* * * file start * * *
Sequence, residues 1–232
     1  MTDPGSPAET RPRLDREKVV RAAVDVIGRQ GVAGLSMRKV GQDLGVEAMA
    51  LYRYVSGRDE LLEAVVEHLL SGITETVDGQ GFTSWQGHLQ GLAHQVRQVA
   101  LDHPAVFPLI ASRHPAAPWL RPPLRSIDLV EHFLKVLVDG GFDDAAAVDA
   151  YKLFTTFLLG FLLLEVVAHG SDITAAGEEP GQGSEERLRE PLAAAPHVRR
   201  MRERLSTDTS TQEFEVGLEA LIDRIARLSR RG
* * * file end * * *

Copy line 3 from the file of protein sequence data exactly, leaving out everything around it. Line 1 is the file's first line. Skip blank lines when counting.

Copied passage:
    51  LYRYVSGRDE LLEAVVEHLL SGITETVDGQ GFTSWQGHLQ GLAHQVRQVA